Holley by the Sea may lose LOST funds

Millions in improvements to drainage in Holley by the Sea (HBTS) could lose a funding opportunity following the second meeting of the Board of County Commissioners to discuss the future of the new local option sales tax (LOST) funds.

Commission Chairman and District 4 representative Rob Williamson recommended that the commission look at cutting the Tom King Bayou East Branch Channel Restoration, a $6.8 million project to improve drainage in HBTS, from the projects list to free up funds.

He also recommended lowering the amount of money allocated each year for road resurfacing.

“I would venture to say that if I were to talk to some folks in other parts of the county who weren’t immediately impacted they would probably feel that there would be a better allocation of those dollars,” Williamson said.

Some of the citizens in question were in attendance packing the seats. They requested a variety of adjustments including more funding for recreational parks in the Pea Ridge area and road improvements.

Currently there is very little wiggle room with in the LOST budget to add projects without cutting or outright eliminating projects.

Of the $39.5 million total expected revenue from the tax, 36 percent is ear marked for District 4 projects.

Williamson pointed out that of the roughly $12.9 million being spent in Navarre’s district, $6.8 million would be for the Tom King Bayou project. This is the costliest of the projects listed on the current proposed projects list.

“The Tom King Bayou restoration project is really skewing the numbers in District 4,” he said.

Williamson said not only does tying up that amount of money skew the balance from other districts, it prevents funding of other projects that District 4 residents were hoping to achieve when voting for the tax.

“I think we have stormwater drainage projects in some of the south county districts in 4 and 5. To me I think that particular project seems to throw things out of balance,” he said.

But for residents of HBTS who frequently face flooding in their homes, streets and neighborhoods, the recommendation does not bode well.

In January 2016 a comprehensive study of drainage issues in the county’s largest subdivision found dozens of projects needed to stop persistent flooding in the area and prioritized the Tom King Bayou project.

HBTS homeowners’ association president Yvonne Harper emailed Williamson to push for at least part of the improvement project to stay on the table.

“Given the continued growth in Holley by the Sea and Navarre, this project is vital to the overall interest of the area because there are several other channels that feed into the Tom King Bayou Channel,” she wrote. “As such, is it possible to keep the project on the list, but bid the project out for just cleaning of vegetation from the channel as an initial phase, which is part of the proposed scope?”

Williamson responded that it is unclear as to whether that would qualify as maintenance which is outside the realm of the LOST. He also suggested using the funds to purchase wetlands specific equipment for maintenance.

“Let’s get together, get the people of HBTS to pack a few commission meetings and get this done,” he replied.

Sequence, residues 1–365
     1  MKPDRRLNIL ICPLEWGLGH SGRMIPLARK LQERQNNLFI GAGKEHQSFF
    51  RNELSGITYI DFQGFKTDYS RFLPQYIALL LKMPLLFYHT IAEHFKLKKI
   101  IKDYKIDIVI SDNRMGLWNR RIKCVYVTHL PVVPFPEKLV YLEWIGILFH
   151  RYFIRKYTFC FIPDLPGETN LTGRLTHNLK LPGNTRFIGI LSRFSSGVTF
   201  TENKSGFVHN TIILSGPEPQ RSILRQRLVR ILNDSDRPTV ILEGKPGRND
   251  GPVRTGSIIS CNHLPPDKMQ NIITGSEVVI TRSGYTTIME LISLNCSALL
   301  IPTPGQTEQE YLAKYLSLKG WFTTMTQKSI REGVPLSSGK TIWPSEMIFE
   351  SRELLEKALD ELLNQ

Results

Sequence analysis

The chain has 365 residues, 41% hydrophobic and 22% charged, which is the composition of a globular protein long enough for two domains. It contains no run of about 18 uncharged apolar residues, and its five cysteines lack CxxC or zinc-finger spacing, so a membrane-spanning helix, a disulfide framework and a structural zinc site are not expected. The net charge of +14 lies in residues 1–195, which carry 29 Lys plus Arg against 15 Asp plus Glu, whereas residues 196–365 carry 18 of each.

In response, Harper emailed the HBTS membership requesting that they turn out to the third of the LOST meetings in mass.

“This is your chance to ‘pack’ the meeting to ensure HBTS stormwater projects do not get removed from the project list,” she wrote.

Police and Fire

Another request for funding frequently brought up were requests to fund fire departments and the Santa Rosa Sheriff’s Office.

The Santa Rosa County Firefighters Association (SRCFFA) put forward a request for a total of less than $1.5 million over the five-year life of the LOST to split between the 13 fire districts in the county. The money would fund equipment such as breathing apparatuses, radios, thermal imagers and extrication devices. The fire departments, which operate independently, were largely unrepresented in the initial LOST budget.

Midway Fire Department Chief Nick Anderson said considering that the tax was marketed to voters as being beneficial to fire departments they should receive a piece of the pie.

Under the proposal, local departments would receive:

  • $91,000 at Holley Navarre
  • $69,600 at Midway
  • $84,740 at Navarre Beach

The current LOST proposal does not reflect any funding to the fire departments.

Sheriff Bob Johnson also asked the board to move up construction of an additional radio site in Navarre to improve coverage. Currently there are portions of the county where first responders inside a building cannot make radio contact with the outside.

This is a safety issue he said. Currently construction would not begin until 2018.

LOST oversight committee member Scott Kemp said what is listed is not enough. He pointed out that firefighters responding to his home could not enter his house until another truck arrived due to under staffing. He said the sheriff’s office is also clearly understaffed and remains under paid despite recent raises.

While the tax cannot be used to pay personnel or hire staff, the money has already been used to relieve costs elsewhere to provide for raises for the sheriff’s deputies.

Commissioner Sam Parker pointed out that this process is important because without visible progress, the tax would likely not be reinstated at the end of the five years.

The third and final LOST meeting was held this week in Milton.

As seen in the April 20 issue of Navarre Press. Click here to subscribe for as little as $38 per year.

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